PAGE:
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# Animation Blending

## 171 posts in this topic

Quote:
 Original post by RobTheBlokeIt's not done for efficiency, it's done to make the anim system re-usable and improve build times. Doing it the other way requires the anim system to know about bones, meshes, lights, materials, blend shapes, and anything else it might want to animate. Ultimately that breaks modularity and makes the system a PITA to work with. (btw, I have been writing commercial anim systems for the last 10 years or so, so i've seen the positives and negatives from most ways of doing it.

Uhh, well, I'm reworking my first animation system. So your experience in this topic is by far greater. Nevertheless, there is something in-between black and white: Your abstraction is absolute in that you use a single data type only: float over all. Our abstraction is less strict, but we still have an abstraction. ATM we are speaking of float scalars, float vectors, and (unit) quaternions. You have these types, too, of course, but look at them as sequence of 1 to 4 floats. This allows you to concentrate all the state variables, and to perform a unified blending operation on them. Hence you can presumbly perform a more efficient blending w.r.t. caching and/or SSE. On the other hand, you have the requirement of continuous float buffers for every and all operations, or else the cache advantage will be lowered. Moreover, you are restricted to operations that can be performed on all (vector) components separately. E.g. you could do a nlerp (although only with an "external" normalization step) but no slerp. Don't misunderstand me: That is okay so far. I believe that this makes a performance difference to your benefits (although I'm not able to quantize it).

Quote:
Original post by RobTheBloke
Quote:
 Original post by godmodderMy last argument is about the logic of the code. Think about what happens in real life: a bone doesn't query it's next position but is forced into it. Having the tracks explicitely impose a transformation on the bones seems more realistic. I like to imagine it like controlling a puppet with strings.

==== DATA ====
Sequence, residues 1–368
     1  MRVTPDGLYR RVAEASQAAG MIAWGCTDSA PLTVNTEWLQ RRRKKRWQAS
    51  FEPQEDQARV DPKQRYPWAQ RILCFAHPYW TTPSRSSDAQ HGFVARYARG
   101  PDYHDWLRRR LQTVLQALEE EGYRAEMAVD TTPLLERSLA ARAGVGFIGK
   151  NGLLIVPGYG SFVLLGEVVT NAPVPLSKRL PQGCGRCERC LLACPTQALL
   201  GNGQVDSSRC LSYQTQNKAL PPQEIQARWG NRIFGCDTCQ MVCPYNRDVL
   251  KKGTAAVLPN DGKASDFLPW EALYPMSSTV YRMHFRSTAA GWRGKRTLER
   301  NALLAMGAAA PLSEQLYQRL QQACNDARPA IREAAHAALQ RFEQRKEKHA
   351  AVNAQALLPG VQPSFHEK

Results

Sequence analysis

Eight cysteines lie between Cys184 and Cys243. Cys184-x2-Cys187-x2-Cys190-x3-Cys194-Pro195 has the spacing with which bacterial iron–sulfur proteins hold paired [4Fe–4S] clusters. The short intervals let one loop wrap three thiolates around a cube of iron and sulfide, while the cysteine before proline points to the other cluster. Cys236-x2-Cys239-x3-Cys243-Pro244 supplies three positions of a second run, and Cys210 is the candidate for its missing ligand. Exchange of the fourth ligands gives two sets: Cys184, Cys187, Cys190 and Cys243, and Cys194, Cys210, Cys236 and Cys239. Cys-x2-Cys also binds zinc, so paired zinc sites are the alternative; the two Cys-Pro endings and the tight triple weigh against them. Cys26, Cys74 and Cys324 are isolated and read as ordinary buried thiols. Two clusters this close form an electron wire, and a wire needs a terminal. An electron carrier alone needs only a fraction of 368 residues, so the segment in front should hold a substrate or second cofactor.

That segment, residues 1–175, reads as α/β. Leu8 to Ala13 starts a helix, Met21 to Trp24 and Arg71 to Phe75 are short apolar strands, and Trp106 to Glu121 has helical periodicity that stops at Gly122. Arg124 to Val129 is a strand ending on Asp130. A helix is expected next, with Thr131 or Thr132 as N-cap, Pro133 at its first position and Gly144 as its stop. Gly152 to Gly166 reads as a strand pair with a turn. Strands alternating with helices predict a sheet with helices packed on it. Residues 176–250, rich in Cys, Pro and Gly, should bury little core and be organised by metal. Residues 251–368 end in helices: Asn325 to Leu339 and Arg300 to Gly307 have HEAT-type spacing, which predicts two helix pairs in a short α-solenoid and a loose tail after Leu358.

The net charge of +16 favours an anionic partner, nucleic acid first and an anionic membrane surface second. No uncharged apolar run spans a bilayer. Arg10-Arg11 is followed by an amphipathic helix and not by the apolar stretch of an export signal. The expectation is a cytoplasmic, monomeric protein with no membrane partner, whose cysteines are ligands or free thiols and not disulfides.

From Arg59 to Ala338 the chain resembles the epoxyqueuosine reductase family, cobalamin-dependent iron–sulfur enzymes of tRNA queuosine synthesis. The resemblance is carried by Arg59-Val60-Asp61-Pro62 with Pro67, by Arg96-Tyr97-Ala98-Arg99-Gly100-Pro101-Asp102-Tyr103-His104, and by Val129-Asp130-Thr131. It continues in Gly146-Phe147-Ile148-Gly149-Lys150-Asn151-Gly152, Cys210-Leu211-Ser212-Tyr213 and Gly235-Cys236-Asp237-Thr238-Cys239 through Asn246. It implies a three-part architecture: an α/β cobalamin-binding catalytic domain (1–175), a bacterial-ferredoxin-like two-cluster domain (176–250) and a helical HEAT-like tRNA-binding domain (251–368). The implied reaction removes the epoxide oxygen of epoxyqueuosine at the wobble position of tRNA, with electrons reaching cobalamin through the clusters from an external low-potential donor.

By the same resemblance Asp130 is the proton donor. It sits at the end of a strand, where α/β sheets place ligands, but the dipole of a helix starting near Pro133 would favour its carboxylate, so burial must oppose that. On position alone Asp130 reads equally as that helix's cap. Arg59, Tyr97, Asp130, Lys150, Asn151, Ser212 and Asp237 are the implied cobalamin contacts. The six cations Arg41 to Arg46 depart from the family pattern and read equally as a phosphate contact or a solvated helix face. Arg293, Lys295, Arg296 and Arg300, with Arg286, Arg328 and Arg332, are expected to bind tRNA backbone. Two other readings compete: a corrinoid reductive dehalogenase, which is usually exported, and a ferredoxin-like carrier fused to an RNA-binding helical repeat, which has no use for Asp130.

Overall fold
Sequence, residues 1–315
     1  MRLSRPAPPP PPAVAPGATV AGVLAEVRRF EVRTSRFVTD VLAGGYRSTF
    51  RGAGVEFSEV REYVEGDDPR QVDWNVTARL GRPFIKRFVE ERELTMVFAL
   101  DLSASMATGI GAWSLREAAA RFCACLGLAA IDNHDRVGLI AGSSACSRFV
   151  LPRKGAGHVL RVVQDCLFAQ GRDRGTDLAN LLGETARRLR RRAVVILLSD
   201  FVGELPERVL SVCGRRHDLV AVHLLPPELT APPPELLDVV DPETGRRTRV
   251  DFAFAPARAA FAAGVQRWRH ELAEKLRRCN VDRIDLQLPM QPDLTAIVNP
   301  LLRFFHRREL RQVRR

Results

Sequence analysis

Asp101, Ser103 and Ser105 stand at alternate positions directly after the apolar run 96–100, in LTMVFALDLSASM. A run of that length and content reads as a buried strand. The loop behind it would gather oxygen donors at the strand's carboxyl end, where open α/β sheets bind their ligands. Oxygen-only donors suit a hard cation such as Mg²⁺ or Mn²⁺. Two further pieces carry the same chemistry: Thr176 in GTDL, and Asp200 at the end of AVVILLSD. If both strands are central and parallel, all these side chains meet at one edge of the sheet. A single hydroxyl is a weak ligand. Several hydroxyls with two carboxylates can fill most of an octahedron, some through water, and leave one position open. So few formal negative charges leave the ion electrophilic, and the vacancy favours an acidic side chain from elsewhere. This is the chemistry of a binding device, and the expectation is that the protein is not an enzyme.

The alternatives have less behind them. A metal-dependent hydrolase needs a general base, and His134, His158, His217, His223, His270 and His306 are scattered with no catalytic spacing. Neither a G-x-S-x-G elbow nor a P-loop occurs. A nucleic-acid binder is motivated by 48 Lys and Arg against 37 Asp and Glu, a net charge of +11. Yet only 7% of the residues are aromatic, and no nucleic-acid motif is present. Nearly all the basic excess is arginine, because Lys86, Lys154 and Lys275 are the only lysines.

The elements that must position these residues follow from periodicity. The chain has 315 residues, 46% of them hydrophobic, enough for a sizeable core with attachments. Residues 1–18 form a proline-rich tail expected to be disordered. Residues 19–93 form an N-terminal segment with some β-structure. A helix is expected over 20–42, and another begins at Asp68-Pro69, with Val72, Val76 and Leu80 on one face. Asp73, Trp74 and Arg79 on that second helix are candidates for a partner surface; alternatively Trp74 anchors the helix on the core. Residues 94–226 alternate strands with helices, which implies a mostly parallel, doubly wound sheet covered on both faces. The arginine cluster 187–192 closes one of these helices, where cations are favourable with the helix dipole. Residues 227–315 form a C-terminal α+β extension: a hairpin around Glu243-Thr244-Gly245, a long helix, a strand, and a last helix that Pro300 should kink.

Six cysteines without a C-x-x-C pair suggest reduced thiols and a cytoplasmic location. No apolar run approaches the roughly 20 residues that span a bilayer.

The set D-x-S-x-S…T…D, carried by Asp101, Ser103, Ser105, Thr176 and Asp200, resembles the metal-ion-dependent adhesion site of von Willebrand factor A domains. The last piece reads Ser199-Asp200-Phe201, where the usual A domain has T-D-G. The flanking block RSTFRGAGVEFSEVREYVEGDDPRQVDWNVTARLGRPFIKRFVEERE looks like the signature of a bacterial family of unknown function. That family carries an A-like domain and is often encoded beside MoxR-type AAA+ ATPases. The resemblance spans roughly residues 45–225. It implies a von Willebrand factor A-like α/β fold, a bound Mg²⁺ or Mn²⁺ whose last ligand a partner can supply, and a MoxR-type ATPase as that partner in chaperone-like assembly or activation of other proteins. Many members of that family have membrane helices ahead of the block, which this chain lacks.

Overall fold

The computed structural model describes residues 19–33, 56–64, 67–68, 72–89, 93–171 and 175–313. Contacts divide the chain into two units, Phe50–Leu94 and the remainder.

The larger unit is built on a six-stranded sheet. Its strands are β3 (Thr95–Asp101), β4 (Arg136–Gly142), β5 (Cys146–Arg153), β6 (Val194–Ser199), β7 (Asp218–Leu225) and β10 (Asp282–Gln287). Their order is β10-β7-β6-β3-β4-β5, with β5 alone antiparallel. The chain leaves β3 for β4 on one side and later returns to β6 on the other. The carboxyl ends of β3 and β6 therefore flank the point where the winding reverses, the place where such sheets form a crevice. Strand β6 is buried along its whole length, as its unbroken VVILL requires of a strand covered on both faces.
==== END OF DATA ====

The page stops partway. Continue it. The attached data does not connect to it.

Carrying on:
But that argument fails the second you have something like an aim constraint that is applied before the final stage of the animation. With your method, the character would have to be updated, and then you'd have get the aim to pull data from those transforms, and then you'd fill the temp buffer with more data. You're adding another read where you don't need it, that or you'd always be a frame behind.

That depends on how the aiming is done. IK solutions need not necessarily be implemented the traditional way. Aiming, and any other animation given an advantage by IK, can itself be implemented by blending (perhaps static) animations. Putting this animation to a higher priority and there is no need to "post-process".

Quote:
Original post by godmodder
Quote:
 Original post by RobTheBlokeIt's not done for efficiency, it's done to make the anim system re-usable and improve build times. Doing it the other way requires the anim system to know about bones, meshes, lights, materials, blend shapes, and anything else it might want to animate. Ultimately that breaks modularity and makes the system a PITA to work with.

Our system doesn't need to know anything about those specifics either. We just need to pass a generic scenegraph node to the animation system, which could represent almost anything.

In fact, the scenegraph node here is nothing more than a scope for the name resolution. As such, its purpose is to restrict the name resolution to work on a defined set of possible outcomes. This is done for both efficieny and re-usability. One can pass a specific NameResolver if wanted. It is also possible to give it up if one absolutely wishes to do so.

In the meanwhile I've read some stuff on animation trees. You remember that little discussion belonging to morpheme at the beginning of this thread? With the concept of animation trees in mind I no longer wonder that morpheme provides 30 or so blend modes (that isn't meant in a negative sense). It also explains RobTheBloke's insisting on masking. I see 2 big differences: Concentration of animated values vs. distribution of generally modifyable values, and the splitting of data and operations vs. "class" building. Its not surprising that exactly both these issues are currently subject of discussion in this thread.
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Hello,
Sorry For Late Reply. You know i go to school. Im just 15 years old who wants to be a programmer :)

My Question is FourCC Semantic includes four things:
Position, Local Position, Orientation, Local Orientation?

Or something else. I didn't use in my Code of Skeleton System any const FourCC &semantic;. Do i need to use that?

I just did thing like that:

bool Resolve(_uint boneID, CAnimQuatVariable &var);bool Resolve(_uint boneID, CAnimVector3Variable &var);

Do i need that semantic thing here?

And what to do now: Pre-Post Blending or Runtime blending? Which works faster? If Runtime blending works faster, how to implement it? (I have Pre-Post Blending)

Thanks,
Kasya

P.S on Saturday i think i'll finish that Instance and Prototype for Animation. I'm getting used to Game Programming really. I neved understood that Animation like that. Thank you very much! :D
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Quote:
 Original post by KasyaMy Question is FourCC Semantic includes four things:Position, Local Position, Orientation, Local Orientation?Or something else. I didn't use in my Code of Skeleton System any const FourCC &semantic;. Do i need to use that?

Not necessarily.